For generations, Streit's matzo factory has been a fixture on the Lower East Side, but now, the factory is closing its doors, one more change in a neighborhood that's undergone a dramatic transformation. NY1's Tara Lynn Wagner filed the following report.
The ovens at the Streit's factory are fired up, churning out sheet after sheet of Matzo for what will be the company's final Passover at this location. The cousins who run the century-old family business say the Lower East Side is just not suitable for modern-day production.
"There's a lot of hoops that we have to jump through that really just don't allow us to be competitive in a very competitive marketplace," said Aaron Gross, executive vice president at Streit's.
Founded by Aron Streit in 1915, the company moved into its current site in 1925. The assembly line moves across four buildings and six stories.
"The matzo goes upstairs, downstairs, upstairs, downstairs, in the basement. It hits every floor," said Aron Yagoda, executive vice president at Streit's.
Outside, the streets are narrow, and there's no loading zone, so their trucks get ticketed every day.
The problems here aren't only logistical, they're also technical. Some of this machinery dates back to the 1930s, and when something breaks, finding replacement parts is nearly impossible.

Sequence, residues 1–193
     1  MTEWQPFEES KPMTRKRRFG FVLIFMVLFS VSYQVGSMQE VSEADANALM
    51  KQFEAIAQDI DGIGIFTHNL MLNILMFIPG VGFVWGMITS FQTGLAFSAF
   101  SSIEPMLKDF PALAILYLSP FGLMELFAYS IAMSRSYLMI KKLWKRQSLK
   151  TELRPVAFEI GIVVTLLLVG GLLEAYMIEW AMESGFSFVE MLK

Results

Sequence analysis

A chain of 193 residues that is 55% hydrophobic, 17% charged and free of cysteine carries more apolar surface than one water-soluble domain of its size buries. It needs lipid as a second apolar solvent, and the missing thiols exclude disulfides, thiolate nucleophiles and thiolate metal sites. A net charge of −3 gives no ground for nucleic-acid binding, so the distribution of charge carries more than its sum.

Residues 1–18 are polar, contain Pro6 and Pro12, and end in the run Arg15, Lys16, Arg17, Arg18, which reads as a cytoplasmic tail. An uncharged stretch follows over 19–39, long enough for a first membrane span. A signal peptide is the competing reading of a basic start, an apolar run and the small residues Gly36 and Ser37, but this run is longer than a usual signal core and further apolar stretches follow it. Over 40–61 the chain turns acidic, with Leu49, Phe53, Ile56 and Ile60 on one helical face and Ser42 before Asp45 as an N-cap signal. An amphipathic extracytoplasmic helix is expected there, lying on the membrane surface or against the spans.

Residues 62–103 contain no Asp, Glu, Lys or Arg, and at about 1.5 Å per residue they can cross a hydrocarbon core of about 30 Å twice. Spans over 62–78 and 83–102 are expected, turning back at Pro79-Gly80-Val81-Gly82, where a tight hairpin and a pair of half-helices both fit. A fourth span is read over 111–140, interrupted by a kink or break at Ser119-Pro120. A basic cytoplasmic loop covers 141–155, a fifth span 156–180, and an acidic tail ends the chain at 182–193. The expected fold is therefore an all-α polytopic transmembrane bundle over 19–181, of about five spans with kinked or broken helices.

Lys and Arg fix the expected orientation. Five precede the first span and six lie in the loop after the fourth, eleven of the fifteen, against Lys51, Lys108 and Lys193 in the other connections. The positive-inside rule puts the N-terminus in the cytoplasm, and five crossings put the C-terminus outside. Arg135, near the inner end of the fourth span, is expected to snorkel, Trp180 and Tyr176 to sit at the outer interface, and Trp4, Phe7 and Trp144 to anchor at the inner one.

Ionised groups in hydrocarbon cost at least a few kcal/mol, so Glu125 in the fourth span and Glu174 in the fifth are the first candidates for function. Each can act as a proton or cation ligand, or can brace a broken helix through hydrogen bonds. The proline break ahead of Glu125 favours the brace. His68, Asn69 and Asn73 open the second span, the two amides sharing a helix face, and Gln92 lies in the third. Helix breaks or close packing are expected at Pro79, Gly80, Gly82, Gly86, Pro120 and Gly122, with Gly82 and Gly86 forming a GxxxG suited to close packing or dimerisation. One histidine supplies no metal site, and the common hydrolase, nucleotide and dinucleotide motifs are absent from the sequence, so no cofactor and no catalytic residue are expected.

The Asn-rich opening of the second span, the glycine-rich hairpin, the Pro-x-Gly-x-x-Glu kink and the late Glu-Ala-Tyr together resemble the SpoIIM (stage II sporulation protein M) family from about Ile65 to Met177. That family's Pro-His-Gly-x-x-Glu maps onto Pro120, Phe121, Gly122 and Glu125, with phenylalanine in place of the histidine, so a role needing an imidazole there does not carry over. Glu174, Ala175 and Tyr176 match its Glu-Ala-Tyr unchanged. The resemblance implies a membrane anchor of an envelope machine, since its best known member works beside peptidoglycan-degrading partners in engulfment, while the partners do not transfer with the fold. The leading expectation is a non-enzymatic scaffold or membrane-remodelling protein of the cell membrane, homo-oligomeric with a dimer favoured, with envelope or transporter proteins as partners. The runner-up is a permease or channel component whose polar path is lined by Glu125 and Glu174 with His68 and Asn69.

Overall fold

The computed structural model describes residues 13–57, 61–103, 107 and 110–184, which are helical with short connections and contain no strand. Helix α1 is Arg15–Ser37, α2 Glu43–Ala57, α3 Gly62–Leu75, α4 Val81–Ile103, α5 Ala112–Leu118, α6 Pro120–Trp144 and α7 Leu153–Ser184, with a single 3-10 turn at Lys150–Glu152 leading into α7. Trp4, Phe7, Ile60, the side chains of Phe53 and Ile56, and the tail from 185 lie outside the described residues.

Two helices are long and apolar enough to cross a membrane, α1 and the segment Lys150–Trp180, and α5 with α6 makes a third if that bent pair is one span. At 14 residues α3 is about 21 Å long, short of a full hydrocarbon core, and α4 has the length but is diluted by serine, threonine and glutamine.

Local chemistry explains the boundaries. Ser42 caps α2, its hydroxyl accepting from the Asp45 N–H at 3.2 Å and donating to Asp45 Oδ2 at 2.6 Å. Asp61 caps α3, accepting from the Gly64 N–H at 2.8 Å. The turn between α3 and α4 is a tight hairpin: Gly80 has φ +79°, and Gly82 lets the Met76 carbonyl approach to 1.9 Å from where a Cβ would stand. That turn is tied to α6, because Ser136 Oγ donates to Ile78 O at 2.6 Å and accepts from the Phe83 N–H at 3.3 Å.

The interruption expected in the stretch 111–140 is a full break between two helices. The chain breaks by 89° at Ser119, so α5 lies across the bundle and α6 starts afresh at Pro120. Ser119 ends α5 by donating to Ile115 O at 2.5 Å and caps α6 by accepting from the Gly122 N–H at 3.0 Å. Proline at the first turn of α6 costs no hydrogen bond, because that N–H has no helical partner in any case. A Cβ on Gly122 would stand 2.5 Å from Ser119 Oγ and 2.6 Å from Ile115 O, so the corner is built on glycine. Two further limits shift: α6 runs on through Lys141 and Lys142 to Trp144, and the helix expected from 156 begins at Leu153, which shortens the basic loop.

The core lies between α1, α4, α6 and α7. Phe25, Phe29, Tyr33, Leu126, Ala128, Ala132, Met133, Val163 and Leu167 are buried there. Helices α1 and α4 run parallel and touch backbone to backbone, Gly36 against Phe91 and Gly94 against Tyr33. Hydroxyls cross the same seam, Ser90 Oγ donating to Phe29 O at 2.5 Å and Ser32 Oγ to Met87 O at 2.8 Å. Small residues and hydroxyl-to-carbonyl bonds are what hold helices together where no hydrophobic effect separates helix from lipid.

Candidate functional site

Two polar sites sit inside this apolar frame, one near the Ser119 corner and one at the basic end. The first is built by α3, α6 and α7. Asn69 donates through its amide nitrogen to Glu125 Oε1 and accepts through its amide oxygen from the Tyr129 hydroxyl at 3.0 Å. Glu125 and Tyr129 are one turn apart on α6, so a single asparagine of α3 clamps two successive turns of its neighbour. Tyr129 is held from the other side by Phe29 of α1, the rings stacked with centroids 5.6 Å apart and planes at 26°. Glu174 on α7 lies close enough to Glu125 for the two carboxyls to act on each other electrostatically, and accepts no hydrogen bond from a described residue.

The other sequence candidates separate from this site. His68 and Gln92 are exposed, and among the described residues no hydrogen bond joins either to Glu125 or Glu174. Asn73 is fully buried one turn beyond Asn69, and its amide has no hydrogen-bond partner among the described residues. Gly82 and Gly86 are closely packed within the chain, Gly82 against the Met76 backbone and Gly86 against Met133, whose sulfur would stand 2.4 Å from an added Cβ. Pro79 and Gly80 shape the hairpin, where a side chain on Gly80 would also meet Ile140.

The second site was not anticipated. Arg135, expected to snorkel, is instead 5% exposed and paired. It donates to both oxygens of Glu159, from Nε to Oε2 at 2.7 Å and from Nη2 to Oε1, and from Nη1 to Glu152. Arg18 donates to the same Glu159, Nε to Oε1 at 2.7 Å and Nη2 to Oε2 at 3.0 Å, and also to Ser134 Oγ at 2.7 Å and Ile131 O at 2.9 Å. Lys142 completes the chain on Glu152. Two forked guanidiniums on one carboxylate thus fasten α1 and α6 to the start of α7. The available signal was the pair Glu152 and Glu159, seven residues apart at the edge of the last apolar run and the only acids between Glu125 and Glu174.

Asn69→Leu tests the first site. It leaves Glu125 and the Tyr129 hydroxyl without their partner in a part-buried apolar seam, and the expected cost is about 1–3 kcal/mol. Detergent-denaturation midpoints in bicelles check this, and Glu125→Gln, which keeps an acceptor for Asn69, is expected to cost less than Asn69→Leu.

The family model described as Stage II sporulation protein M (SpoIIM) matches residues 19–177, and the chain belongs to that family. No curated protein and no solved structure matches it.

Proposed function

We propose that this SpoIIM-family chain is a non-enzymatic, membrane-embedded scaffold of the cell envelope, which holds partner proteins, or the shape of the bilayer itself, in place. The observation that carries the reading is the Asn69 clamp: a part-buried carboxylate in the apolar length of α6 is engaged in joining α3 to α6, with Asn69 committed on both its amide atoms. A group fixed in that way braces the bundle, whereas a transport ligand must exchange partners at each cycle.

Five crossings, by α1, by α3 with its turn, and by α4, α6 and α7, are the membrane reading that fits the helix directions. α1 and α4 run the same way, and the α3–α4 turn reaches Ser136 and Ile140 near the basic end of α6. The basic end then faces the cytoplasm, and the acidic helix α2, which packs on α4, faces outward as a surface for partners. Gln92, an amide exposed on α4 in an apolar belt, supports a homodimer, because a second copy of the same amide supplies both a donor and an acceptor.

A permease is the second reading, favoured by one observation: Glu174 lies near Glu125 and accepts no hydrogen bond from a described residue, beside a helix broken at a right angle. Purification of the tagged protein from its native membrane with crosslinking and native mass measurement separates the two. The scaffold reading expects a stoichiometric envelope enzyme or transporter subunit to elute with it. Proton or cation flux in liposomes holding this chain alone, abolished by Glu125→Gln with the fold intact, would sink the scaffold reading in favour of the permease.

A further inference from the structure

Streit's is one of the last reminders of what was once a very different corner of New York, a neighborhood of immigrant Jews and the small businesses they owned.
Annie Polland of the Lower East Side Tenement Museum said the area has changed dramatically. Property values are soaring, and an overwhelming number of storefronts are now occupied by what she calls the ABCs.
"Art galleries, boutiques and cafes," Polland said.
Still, many Jewish families returned year after year to get their passover matzo at Streit's.
"The closing of Streit's Matzo is not only about the closing of a story that they were fond of, but I think everything that it symbolized about the Lower East Side as a kind of Jewish Plymouth Rock," Polland said.
The closing is also hard on the factory's 30 employees, like Michael Abramov, a baker here for 25 years.
"This is like our second house," Abramov said.
The family said every worker will be offered a job in the new location, likely New Jersey. They also stressed that the factory is closing, not their business. Streit's will still make matzo, but this matzo plant will just be a memory.